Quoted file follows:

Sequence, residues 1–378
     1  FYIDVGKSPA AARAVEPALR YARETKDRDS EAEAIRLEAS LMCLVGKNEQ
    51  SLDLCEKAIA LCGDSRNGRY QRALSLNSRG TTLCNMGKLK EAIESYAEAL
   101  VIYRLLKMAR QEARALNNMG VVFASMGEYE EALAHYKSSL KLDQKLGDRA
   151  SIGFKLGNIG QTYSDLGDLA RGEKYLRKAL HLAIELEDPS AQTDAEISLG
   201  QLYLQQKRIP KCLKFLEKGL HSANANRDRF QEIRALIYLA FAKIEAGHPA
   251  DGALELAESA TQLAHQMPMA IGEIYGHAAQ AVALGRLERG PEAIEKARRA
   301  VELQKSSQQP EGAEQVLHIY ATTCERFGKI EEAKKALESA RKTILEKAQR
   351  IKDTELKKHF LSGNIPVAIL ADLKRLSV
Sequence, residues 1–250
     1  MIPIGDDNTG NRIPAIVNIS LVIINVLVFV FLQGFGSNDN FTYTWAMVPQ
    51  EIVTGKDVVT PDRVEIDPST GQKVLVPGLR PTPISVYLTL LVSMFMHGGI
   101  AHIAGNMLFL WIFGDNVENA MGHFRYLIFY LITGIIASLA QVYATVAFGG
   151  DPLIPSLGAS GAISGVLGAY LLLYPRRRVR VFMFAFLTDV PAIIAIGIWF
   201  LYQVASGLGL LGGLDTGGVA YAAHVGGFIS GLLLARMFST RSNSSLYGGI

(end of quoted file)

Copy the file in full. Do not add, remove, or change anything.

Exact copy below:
Sequence, residues 1–378
     1  FYIDVGKSPA AARAVEPALR YARETKDRDS EAEAIRLEAS LMCLVGKNEQ
    51  SLDLCEKAIA LCGDSRNGRY QRALSLNSRG TTLCNMGKLK EAIESYAEAL
   101  VIYRLLKMAR QEARALNNMG VVFASMGEYE EALAHYKSSL KLDQKLGDRA
   151  SIGFKLGNIG QTYSDLGDLA RGEKYLRKAL HLAIELEDPS AQTDAEISLG
   201  QLYLQQKRIP KCLKFLEKGL HSANANRDRF QEIRALIYLA FAKIEAGHPA
   251  DGALELAESA TQLAHQMPMA IGEIYGHAAQ AVALGRLERG PEAIEKARRA
   301  VELQKSSQQP EGAEQVLHIY ATTCERFGKI EEAKKALESA RKTILEKAQR
   351  IKDTELKKHF LSGNIPVAIL ADLKRLSV
Sequence, residues 1–250
     1  MIPIGDDNTG NRIPAIVNIS LVIINVLVFV FLQGFGSNDN FTYTWAMVPQ
    51  EIVTGKDVVT PDRVEIDPST GQKVLVPGLR PTPISVYLTL LVSMFMHGGI
   101  AHIAGNMLFL WIFGDNVENA MGHFRYLIFY LITGIIASLA QVYATVAFGG
   151  DPLIPSLGAS GAISGVLGAY LLLYPRRRVR VFMFAFLTDV PAIIAIGIWF
   201  LYQVASGLGL LGGLDTGGVA YAAHVGGFIS GLLLARMFST RSNSSLYGGI